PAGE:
“We wanted to use grapes in both regions that are, first and foremost, climate appropriate,” Sebastian Hardy says. “In the Finger Lakes, that means Riesling, Pinot Gris, and Gewürztraminer, but also Aromella, Arendell, Rougeon, Regent and Petit Pearl.” The couple, who sells 85 percent of their production from their tasting room, doesn’t have trouble hand-selling their hybrid and hybrid-vitis vinifera blended wines. “Once we talk visitors through it.”
Colleen Hardy says that finding high-quality hybrids is dependent on the grower. “We offer to pay more if they grow it with the same care that we expect with vinifera, and hold off on spraying,” she says
“In the Hudson Valley, especially if you want to grow organically, hybrids are necessary,” says Todd Cavallo, who founded Wild Arc Farm in Pine Bush, N.Y. with his wife Crystal. “We lost our entire crop of Cabernet Franc and Pinot Noir in 2018. We replanted some of the Pinot Noir, but the rest we planted to hybrids.”
Wild Arc’s one-acre estate vineyard is primarily experimental though; they source most of their grapes.
“We are working with other like-minded producers who want organically grown hybrid grapes,” Cavallo explains. “A lot of [hybrids] have been grown for bulk wines, but we are promising growers that if they change their farming practices, we’ll pay more.”
By working cooperatively, Cavallo and others hope that they can simultaneously increase the value of hybrid fruit, and change market perception.
Philadelphia-based Alexandra Cherniavsky, a sommelier and consultant who finds distribution for wineries at restaurants, has seen the market for hybrid wines change firsthand. But she believes there’s still a long way to go before restaurants are ready to open their lists to hybrids.
“Once people try wines made from hybrid grapes, they’re a lot more open,” she says. “They sell well in tasting rooms, where the winemaking team can explain their history and provide context.”
But if they’re going to take off, they need to appear on more restaurant lists. “Wineries should approach local restaurants armed with the educational materials and context they provide at the tasting room. If they know how to explain them to diners, they’ll be a lot more liable to put them on the list,” Cherniavsky says.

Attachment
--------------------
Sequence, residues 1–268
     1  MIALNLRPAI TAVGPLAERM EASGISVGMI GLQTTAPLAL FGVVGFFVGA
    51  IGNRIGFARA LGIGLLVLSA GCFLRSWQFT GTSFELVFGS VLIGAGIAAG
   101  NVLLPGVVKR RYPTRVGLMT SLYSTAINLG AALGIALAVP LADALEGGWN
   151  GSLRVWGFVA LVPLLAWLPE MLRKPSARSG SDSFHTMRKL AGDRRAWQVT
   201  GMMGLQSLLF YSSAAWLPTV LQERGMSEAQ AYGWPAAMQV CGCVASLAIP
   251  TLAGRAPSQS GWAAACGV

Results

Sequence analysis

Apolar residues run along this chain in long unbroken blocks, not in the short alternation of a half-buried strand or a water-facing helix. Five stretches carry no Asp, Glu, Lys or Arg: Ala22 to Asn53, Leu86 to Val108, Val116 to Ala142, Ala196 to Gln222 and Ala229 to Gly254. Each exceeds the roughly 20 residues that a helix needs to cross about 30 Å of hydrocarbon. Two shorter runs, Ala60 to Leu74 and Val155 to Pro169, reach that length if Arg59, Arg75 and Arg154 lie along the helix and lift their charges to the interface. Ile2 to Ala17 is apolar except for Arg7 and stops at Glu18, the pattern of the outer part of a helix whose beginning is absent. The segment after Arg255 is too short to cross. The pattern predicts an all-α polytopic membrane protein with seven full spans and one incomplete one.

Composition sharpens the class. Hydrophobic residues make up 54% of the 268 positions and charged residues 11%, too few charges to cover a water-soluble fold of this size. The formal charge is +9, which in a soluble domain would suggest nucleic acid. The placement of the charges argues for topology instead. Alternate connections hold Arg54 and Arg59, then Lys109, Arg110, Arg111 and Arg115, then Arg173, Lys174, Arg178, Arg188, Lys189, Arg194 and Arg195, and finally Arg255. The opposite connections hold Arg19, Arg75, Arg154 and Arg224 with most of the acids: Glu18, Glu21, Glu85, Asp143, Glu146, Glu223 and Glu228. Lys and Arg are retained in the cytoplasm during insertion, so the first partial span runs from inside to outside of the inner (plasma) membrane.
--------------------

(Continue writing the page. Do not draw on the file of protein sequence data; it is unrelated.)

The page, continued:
Not Just for Challenging Climates
The East Coast is hardly the only place hybrids are found. At Bells Up Winery in Newberg, Oregon, winemaker Dave Specter says that their Seyval Blanc is farmed with fewer chemicals than his vitis vinifera. And, the wines have achieved “cult status,” selling out every year.
“We are the only planting of Seyval Blanc in Willamette Valley, and only the second in Oregon. It’s not only a part of our plan to diversify our vineyards and enable us to react to climate change, but also part of our larger push to appeal to younger, more adventurous consumers,” he says.
A parallel movement, PIWI, is happening in Europe, although as Reisch explains, it’s slightly different.
“Most of Europe does not have the harsh winters that we do here,” he says. “The hybrid programs there are inherently very different, because their grapes are being crossed with the goal of resisting different disease and weather pressures.”
Some regions have yet to open the door to hybrids; they’re banned in France in wines with appellation names, but for a certain type of American winemaker—and consumer—that kind of prohibition only makes them more enchanting.
Kathleen Willcox writes about wine, food and culture from her home in Saratoga Springs, N.Y. She is keenly interested in sustainability issues, and the business of making ethical drinks and food. Her work appears regularly in Wine Searcher, Wine Enthusiast, Liquor.com and many other publications. Kathleen also co-authored a book called Hudson Valley Wine: A History of Taste & Terroir, which was published in 2017. Follow her wine explorations on Instagram at @kathleenwillcox